Despite virtually all measures of inflation showing signs of a continued surge higher, and most of the latest data surpassing economists’ expectations, many monetary policymakers remain dedicated to the assertion that rising price pressures will ultimately prove “transient”. There has been some breaking from the ranks over the last month, but Fed Chairman Jay Powell has yet to give an inch on his ultra-dovish stance. While Powell is likely trying to avoid creating uncertainty in the market, many are already beginning to look beyond the Fed’s words and prepare for a seemingly inevitable change of plans when this stream of sizable inflation prints can no longer be ignored.
For years prior to the COVID-19 pandemic, the US Federal Reserve had been saying inflation was too low. Despite a relatively low target rate of just 2%, price increases continually came in far lower than desired. Between the beginning of 2013 and the end of 2017, the core personal consumption expenditures (PCE) index, which serves as the Fed’s preferred measure of inflation, did not reach 2% even once. Despite that, the bank warned of rising inflation and continued on with their tightening regime that began in 2015.
Now, amid a renewed surge in inflation, which has pushed the Core PCE to 3.1%, well above the Fed’s average inflation target of 2.0%, central bank policymakers continue to describe the rapid rise in prices as “transitory”, steadfastly rallying behind Fed Chair Jerome Powell, proclaiming their intent to allow the economy to “run hot” with higher than targeted inflation for some undefined period.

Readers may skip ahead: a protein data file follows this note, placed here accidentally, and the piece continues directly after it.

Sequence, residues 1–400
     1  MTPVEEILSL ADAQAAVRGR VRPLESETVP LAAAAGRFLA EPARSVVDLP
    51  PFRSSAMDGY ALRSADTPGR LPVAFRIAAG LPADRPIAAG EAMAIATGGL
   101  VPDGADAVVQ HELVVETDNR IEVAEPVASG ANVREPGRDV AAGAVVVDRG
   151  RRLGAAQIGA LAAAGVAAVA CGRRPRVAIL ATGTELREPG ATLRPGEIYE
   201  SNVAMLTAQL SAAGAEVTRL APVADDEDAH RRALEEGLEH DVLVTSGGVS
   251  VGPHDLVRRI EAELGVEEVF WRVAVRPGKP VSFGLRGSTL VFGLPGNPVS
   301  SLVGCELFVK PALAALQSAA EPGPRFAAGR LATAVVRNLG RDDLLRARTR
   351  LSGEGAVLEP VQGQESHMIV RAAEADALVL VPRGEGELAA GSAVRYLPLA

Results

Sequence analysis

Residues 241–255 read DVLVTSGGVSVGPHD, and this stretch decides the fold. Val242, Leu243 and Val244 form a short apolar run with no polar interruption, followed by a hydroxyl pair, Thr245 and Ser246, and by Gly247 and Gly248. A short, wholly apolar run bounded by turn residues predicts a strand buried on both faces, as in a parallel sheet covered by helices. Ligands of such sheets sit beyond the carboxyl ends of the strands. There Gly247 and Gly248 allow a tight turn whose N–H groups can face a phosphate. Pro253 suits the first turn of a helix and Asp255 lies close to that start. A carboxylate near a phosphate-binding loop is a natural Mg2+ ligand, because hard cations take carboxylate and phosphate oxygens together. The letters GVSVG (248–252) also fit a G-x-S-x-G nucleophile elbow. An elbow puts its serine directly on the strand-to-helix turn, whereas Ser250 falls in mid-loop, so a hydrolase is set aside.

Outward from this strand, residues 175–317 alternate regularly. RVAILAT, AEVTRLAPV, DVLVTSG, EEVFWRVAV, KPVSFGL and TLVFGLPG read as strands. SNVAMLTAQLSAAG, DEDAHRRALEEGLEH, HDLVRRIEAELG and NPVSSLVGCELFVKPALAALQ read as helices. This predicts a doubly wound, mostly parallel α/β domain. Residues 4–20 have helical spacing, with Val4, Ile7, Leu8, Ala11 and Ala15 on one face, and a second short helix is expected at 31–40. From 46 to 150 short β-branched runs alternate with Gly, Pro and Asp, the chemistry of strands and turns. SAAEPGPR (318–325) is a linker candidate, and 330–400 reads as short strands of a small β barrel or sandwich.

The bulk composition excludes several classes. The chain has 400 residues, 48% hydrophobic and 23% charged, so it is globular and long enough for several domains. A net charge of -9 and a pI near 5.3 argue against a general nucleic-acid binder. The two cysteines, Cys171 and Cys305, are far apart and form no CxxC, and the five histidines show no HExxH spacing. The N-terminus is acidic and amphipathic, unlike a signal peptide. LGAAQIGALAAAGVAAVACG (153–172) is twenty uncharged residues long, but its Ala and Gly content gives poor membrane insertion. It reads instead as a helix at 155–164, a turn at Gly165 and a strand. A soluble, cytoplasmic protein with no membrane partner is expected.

Chairman Jay, backed by most other members of the Financial Open Market Committee (FOMC), has maintained his ultra-dovish stance toward monetary policy for some time now, repeatedly stating that not enough support for the economy would be decisively worse than doing too much. However, by all indications, inflation prints have already entered what we would consider “hot” territory and that commitment will soon be tested. According to a recent Reuters poll, economists pegged Core PCE growth of 2.8% as the level where the central bank would begin to feel real discomfort. The poll also suggested the central bank would tolerate that rate for three months at least before it acts.
Inflation Gauges Grinding Higher
April’s 0.7% monthly jump in the Core PCE represented the largest since 2001. Even with MoM prints as low as 0.2% for the rest of the year, inflation would remain above 2.7% for the duration 2021. If we project 0.4% MoM gains in the Core PCE over that period, we can expect a YoY rise of as much as 4.7% in the index by the end of 2021.
Those kinds of numbers would be a major determinant of which way the Fed would steer monetary policy over the next year, presenting a serious challenge to the dovish consensus on the FOMC.
Other measures of inflation like the Consumer and Producer Price Indices (CPI and PPI) are signaling even greater increases…